How Many Food Should I Eat to Lose Weight ?
Tips to help you Lose Weight.
As a registered dietitian, I don’t believe that losing weight fast is the healthiest approach.
Your basal metabolic rate — aka how much energy you use — is determined by the number of calories you burn during digestion. A calorie from a simple-to-digest source, like the simple sugars in soda, fruit juices, flour dishes or fast food, can be converted into energy easily so your body doesn’t have to work as hard. But a calorie that comes from a lean protein or resistant starch, like the fiber in beans and lentils, is harder for the body to break down. This means more energy will be burnt up during the digestion of these foods, increasing the total amount of calories you burn during the day.
Think about it this way: If you eat a 2000-calorie diet that’s rich in simple sugars your body will need to burn about 70 -80 calories during digestion. But if those same 2000 calories come from fiber and protein-rich foods, then you’ll burn closer to 200-300 calories while you digest. That difference in calorie expenditure can have a big impact on body weight over time.
Nutrition isn’t the only part of the weight loss — making time for fitness matters, too. The Centers for Disease Control and Prevention (CDC) recommends adults move their bodies at a moderate intensity for 150 to 300 minutes, or 2.5 to 5 hours, a week to help prevent chronic diseases like heart disease, type 2 diabetes, and cancer. And while that’s a solid jumping off point, if you want to lose weight then you still need to move enough so that you’re burning more calories than you’re consuming.
The only way to remove fat.
Do you know that there is only one way to remove fat? It can only be burned in muscles with physical activity. No other way.
All people who rub something themselves, soar themselves in baths, drink a diuretic, laxative or simply starve – are doomed to failure.
90% of all our fat burns in the muscles in the presence of oxygen. This must be understood. In order not to build illusions about the next superdiet.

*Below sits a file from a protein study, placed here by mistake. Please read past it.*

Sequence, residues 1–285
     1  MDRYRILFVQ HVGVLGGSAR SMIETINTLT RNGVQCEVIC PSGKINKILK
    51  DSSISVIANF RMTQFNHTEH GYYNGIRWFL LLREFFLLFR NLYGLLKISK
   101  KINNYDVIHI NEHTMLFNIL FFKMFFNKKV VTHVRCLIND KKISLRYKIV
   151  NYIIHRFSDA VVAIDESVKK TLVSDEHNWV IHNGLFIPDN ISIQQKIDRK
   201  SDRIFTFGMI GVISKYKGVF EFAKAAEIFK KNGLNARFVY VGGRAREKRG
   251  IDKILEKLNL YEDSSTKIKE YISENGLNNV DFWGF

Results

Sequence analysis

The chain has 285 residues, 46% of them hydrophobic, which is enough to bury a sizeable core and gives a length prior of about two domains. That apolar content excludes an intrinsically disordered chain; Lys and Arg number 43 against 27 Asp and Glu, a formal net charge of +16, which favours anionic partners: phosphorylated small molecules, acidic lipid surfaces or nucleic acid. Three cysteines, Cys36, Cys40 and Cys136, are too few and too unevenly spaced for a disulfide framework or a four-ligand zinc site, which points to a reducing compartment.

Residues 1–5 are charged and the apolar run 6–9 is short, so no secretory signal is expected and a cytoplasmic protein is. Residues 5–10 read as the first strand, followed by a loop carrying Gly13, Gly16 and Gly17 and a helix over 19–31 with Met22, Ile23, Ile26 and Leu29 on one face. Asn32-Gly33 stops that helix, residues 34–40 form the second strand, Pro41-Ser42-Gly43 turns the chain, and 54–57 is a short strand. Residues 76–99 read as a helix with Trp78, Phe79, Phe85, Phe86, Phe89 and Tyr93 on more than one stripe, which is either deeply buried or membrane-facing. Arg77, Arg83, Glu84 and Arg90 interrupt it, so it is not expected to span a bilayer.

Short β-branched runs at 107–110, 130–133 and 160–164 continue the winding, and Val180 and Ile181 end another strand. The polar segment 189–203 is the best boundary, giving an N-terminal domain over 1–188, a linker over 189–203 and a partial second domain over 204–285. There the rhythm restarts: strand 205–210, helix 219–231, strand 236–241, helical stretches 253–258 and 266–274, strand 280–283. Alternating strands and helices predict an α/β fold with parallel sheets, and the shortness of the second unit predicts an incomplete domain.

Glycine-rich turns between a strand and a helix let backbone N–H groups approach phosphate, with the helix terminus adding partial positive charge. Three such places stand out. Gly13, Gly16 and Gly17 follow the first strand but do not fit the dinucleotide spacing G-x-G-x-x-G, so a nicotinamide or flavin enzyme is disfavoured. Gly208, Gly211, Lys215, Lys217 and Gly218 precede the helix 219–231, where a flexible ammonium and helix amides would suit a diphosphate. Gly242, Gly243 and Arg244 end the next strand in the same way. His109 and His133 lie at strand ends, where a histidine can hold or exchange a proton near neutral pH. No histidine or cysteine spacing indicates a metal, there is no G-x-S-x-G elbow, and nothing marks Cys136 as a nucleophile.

We need to move to lose weight – is it obvious? For many, no.
I agree, “walking” does not sound serious.
But walking is an important component of losing weight. Walking and a balanced diet work wonders.
If you haven’t heard this acronym before, memorize it now. Any goal you set should be specific, measurable, attainable, realistic and timely, says Eliza Kingsford, psychotherapist and director of clinical services for Wellspring. If it meets these qualities, you’ll be much more likely to achieve it.
For instance, “I’m going to be more active” is a goal. “I will walk for 30 minutes every day for the next month” is a S.M.A.R.T. goal.
It’s specific in that you know how much activity you’re going to do. It’s measurable — did you walk today or not?
It’s attainable and realistic; everyone can find 30 minutes in their day, and walking doesn’t require a lot of equipment or special training. And it’s timely because you’ll be able to see at the end of the month if you hit your goal.
A balanced diet is not a fad, yo-yo or crash diet. It’s a way of ensuring you eat all of the required nutrients for your body to function properly. A balanced diet will not be the same for everyone. We’re all different and often, individuals will require different amounts and types of nutrients. What you need will depend on age, gender, lifestyle, health and the rate at which your body works.